King Lear: The Forest Of Truth

Essay by PaperNerd ContributorHigh School, 12th grade September 2001

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The Forest of Truth Perhaps Joni Mitchell said it best with "You don't know what you've got till it's gone"�. This statement is true in regards to King Lear's character in the play King Lear by William Shakespeare. In the beginning of the play King Lear decides to abdicate his duty as ruler of Britain and divide it amongst his daughters with the biggest plot of land going to the daughter that loves him the most. His plan backfires and this opening scene begins a cycle of insanity and poverty. Lear's loss of power triggers the process of awareness which leads to his re-evaluation of himself and his daughters.

King Lear the ruler of Britain, was among the most powerful men on the earth at that time. The power attached to the word king itself is unsurpassable, Lear is at the top of the social hierarchy, a messenger from God born into to power.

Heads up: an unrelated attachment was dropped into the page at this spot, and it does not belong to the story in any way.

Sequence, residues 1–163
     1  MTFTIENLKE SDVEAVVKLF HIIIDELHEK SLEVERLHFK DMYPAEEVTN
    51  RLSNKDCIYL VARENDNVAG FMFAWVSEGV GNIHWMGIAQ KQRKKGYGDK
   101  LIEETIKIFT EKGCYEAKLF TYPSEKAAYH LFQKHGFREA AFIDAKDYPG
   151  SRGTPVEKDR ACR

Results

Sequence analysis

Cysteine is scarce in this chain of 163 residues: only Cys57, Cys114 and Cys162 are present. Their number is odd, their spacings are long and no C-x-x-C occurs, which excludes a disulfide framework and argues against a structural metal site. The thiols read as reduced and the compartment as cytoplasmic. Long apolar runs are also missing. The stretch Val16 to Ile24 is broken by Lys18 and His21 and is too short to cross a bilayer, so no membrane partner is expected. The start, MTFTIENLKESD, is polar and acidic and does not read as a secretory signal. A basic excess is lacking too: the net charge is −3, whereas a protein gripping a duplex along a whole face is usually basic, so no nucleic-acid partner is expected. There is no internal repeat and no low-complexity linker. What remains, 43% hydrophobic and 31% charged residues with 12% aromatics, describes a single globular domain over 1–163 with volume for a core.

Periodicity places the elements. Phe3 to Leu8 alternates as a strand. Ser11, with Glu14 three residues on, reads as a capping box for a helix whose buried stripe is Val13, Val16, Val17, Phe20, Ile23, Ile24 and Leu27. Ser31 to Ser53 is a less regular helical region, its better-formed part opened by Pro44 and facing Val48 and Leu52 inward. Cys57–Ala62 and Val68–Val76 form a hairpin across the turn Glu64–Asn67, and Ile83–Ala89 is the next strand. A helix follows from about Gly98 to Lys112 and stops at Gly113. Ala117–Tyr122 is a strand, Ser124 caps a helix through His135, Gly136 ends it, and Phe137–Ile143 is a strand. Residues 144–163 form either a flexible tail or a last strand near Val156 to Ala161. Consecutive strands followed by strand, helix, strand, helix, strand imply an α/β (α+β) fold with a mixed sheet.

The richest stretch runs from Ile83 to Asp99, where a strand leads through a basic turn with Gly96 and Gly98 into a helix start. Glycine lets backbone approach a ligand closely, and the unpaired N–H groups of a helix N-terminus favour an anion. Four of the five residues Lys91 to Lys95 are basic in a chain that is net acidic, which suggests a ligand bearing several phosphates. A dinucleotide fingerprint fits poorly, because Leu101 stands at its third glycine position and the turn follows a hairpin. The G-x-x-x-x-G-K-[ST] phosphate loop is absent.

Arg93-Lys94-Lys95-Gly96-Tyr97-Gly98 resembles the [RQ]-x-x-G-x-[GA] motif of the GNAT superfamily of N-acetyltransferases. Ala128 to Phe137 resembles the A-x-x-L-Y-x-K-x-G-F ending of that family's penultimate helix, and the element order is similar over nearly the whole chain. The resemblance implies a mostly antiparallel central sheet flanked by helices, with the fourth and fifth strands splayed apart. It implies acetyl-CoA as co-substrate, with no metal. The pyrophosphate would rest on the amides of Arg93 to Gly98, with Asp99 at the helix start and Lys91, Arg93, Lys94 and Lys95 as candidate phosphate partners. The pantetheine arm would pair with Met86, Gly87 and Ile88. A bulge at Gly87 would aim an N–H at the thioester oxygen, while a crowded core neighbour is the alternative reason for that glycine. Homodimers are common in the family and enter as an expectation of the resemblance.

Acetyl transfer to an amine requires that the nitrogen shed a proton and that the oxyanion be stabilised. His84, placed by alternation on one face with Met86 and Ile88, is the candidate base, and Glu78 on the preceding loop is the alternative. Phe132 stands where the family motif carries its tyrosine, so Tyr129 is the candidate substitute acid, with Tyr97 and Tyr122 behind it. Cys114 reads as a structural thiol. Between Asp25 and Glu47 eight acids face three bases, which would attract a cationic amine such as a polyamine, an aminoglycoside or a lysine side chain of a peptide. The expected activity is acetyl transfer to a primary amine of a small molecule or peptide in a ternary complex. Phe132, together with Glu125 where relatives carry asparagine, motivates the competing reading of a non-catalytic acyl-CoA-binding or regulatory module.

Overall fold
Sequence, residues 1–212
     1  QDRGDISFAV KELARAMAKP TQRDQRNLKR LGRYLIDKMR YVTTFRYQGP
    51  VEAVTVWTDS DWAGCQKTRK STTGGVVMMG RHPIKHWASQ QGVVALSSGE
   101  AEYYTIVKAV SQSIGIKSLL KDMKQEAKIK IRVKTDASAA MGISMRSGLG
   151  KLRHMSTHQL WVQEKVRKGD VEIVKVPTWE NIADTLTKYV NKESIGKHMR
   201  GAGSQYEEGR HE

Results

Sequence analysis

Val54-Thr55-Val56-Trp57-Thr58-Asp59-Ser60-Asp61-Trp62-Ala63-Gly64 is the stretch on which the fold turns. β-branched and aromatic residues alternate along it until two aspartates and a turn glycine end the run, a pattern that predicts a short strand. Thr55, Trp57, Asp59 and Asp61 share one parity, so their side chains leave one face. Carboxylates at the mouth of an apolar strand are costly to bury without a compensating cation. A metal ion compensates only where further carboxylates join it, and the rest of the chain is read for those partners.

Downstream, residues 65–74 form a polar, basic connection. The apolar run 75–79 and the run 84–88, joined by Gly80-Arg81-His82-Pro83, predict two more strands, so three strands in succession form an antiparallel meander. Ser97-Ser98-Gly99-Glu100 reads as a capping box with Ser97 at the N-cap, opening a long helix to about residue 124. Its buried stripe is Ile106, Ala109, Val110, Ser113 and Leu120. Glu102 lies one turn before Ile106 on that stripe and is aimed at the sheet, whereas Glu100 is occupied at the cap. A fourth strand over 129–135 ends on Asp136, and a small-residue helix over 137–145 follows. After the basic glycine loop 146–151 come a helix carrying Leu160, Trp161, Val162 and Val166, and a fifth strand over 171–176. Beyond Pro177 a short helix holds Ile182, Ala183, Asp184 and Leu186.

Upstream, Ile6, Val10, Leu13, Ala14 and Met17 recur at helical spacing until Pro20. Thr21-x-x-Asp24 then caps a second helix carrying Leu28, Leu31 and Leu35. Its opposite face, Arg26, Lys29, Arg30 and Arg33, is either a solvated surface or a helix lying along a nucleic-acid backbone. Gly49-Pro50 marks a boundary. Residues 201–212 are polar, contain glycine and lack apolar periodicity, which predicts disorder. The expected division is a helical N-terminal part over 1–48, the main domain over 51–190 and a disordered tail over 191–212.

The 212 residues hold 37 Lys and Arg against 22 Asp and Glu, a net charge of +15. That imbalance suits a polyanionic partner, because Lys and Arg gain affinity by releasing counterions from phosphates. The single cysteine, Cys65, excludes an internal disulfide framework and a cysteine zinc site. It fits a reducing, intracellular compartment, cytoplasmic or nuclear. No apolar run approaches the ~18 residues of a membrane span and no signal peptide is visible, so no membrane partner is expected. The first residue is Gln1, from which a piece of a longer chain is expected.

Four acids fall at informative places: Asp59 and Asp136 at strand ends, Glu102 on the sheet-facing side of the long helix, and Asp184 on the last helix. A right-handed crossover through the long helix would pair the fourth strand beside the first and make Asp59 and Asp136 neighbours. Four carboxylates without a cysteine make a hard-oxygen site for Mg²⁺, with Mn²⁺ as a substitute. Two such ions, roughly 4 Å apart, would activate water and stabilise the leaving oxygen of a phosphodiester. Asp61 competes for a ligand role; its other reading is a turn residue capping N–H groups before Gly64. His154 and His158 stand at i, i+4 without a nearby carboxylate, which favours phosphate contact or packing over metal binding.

Everyone in Lear's eyes are subordinates, servants if you will. He has known power all of his life, he never had to beg for anything, he just spoke and whatever he wanted would be there. When his powers disappeared he had to struggle to cope with it. His decline in power all sprouts from a foolish attempt at happiness he decided that he would enjoy all of the perks that came with being regal but suffer none of the hardships and problems that come along with it. So he decided to make his daughters profess their love publicly and the one that loved him the most would receive the biggest plot of land. Regan and Goneril two of his three daughters as a result of a "˜technicality' are given all of his assets and his power, in return for a promise to take care of...